View from Monte Igueldo
View from Monte Igueldo / iStock.com / Aljndr
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Playa de la Concha
Playa de la Concha / iStock.com / Rrrainbow
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Pintxos
Pintxos / iStock.com / fazeful
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Surf Beaches
Surf Beaches / iStock.com / mikrus
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Plaza de la Constitución
Plaza de la Constitución / iStock.com / deymos
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San Sebastian
Port
Deal Expert / Travel Blogger

This northern Spanish seaside town is classic Mediterranean with a meandering river, maze of tapas bars, golden beaches, and architecture that spans from ancient Rome to current day. Small ships dock on a local pier that’s within walking distance of the city center.

What We Love

Old Town: Once surrounded by protective walls, the Parte Vieja is home to two distinct churches — a cathedral and basilica —and a museum housed in a circa 16th-century convent. The shopping district isn’t far from the winding medieval stone streets. 

Monte Igueldo: Get panoramic views of San Sebastian as well as the bay from this point west of town. A funicular takes you to the top, where you will also find a small amusement park.

Best Known For

Pintxos: There are plenty of Michelin stars in San Sebastian, but the traditional tapas (called pintxos here) are stellar, too. Never mind decoding the menu. Ask the staff for fresh picks and personal favorites, or simply point to what looks good.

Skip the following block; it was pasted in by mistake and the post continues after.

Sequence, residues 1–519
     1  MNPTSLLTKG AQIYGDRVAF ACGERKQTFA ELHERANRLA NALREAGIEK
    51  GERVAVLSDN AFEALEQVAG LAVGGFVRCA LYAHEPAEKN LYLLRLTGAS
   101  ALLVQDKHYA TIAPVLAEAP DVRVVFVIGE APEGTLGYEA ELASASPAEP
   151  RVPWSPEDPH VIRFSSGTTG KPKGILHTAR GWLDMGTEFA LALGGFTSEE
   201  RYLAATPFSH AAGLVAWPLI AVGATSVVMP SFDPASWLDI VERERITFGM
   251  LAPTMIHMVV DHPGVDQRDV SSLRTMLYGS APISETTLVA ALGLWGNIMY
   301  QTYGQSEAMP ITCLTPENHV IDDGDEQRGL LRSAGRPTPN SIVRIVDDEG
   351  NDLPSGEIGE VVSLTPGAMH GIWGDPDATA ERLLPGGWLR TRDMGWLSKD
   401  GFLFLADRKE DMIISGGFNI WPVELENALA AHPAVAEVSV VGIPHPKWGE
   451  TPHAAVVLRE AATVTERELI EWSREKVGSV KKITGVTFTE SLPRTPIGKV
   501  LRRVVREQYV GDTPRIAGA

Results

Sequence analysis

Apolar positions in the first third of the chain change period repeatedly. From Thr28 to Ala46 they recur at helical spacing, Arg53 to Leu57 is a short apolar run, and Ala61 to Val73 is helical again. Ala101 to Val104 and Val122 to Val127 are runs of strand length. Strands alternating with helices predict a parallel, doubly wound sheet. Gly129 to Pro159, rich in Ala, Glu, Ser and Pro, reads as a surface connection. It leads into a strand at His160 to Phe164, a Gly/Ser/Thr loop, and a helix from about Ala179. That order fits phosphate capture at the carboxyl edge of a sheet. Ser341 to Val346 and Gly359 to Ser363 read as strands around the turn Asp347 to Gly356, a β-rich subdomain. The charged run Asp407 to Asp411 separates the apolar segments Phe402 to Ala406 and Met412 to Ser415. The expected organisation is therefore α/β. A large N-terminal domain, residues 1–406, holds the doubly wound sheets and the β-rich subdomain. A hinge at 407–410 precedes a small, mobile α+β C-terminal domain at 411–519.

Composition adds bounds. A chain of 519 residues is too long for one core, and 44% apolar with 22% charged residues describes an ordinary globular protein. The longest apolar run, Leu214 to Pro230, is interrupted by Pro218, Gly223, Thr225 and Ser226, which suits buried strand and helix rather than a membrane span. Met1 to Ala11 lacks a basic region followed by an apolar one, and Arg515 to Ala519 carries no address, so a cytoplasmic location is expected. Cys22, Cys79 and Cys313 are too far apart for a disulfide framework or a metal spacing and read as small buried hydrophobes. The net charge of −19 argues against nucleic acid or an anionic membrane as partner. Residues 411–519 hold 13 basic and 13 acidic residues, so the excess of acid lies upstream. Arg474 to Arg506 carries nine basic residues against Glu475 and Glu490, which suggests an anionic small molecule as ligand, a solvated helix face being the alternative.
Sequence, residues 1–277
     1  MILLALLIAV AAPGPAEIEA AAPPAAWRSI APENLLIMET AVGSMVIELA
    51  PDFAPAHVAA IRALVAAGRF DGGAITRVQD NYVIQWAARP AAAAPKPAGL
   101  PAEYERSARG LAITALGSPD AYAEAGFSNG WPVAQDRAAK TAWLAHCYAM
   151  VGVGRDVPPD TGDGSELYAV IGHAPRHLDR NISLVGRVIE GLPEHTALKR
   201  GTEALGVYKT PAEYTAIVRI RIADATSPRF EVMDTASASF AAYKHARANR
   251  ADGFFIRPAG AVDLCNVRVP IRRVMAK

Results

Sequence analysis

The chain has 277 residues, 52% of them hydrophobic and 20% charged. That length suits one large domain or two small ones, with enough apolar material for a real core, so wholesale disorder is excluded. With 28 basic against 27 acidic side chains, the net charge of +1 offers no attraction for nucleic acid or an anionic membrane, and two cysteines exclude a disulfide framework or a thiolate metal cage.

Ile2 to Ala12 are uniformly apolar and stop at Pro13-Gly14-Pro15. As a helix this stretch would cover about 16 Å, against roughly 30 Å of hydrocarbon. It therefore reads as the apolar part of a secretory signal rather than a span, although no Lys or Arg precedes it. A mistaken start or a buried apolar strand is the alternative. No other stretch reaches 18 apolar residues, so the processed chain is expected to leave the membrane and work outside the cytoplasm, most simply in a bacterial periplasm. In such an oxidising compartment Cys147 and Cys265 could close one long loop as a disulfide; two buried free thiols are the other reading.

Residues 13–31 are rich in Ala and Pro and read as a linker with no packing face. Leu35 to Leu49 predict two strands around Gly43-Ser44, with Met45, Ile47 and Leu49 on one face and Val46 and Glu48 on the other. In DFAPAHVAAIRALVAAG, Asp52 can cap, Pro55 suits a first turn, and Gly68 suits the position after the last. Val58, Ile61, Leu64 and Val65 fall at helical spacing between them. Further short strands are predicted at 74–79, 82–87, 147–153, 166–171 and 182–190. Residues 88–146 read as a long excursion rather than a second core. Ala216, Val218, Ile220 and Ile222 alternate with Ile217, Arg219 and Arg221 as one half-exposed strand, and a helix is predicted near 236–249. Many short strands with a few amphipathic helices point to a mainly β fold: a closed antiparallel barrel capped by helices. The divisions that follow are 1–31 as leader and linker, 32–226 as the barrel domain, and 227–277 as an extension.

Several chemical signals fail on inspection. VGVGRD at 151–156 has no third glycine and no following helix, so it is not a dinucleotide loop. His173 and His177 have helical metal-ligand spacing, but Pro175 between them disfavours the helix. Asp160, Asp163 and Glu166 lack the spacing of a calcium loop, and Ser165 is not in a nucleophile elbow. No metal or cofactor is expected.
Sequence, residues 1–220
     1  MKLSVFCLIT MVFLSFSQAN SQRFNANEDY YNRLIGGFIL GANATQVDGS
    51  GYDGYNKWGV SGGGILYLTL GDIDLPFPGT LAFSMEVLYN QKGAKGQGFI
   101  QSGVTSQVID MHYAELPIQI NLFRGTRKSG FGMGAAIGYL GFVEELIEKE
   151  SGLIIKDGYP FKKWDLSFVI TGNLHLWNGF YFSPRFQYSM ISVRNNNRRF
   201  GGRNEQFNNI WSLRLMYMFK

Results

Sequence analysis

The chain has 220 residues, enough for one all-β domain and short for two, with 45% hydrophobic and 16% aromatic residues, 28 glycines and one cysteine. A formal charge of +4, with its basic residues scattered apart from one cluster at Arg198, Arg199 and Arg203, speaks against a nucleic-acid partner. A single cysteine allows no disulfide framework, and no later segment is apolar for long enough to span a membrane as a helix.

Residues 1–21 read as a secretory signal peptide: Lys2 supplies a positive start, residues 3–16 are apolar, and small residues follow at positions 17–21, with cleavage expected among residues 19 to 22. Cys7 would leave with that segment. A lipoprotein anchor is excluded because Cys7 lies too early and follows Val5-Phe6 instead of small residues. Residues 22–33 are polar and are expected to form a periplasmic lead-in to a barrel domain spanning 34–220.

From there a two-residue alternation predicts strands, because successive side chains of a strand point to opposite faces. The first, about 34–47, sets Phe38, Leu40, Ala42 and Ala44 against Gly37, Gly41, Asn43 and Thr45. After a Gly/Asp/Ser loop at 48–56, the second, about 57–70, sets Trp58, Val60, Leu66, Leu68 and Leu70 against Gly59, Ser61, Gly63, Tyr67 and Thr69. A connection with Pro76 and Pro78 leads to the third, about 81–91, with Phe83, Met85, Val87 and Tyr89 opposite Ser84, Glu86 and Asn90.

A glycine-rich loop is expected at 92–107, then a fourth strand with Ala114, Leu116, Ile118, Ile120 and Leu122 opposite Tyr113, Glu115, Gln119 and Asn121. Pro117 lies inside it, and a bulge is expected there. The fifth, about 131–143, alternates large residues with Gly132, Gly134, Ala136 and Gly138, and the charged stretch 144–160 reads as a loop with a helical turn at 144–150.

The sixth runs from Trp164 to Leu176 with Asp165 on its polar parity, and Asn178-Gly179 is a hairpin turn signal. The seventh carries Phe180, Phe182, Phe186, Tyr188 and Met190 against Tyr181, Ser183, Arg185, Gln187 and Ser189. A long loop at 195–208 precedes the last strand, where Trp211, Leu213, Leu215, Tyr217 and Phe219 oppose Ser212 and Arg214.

Beaches: These golden shores were made for surfing, sunning (usually topless), and enjoying a refreshing glass of sangria. Popular La Concha is one of the best city beaches in the world, while Isla Santa Clara is a sliver of sand that comes and goes with the passing tide.

Who It's Best For

Strollers and Stoppers: The picturesque city is classically European, which means it’s lined with cafés, tapas bars, and leafy plazas. Taking your time to explore on your own will grant you the most authentic experience.

Don't Say We Didn't Warn You

Language Lessons: The Basque country, a territory that encompasses this seaside city and stretches to southern portions of France, is vehemently proud — and political. Euskara, the regional language, is preferred to the national one, Castilian Spanish. Don’t expect to pick up much in a short visit. It’s said that Euskara is related to no living language.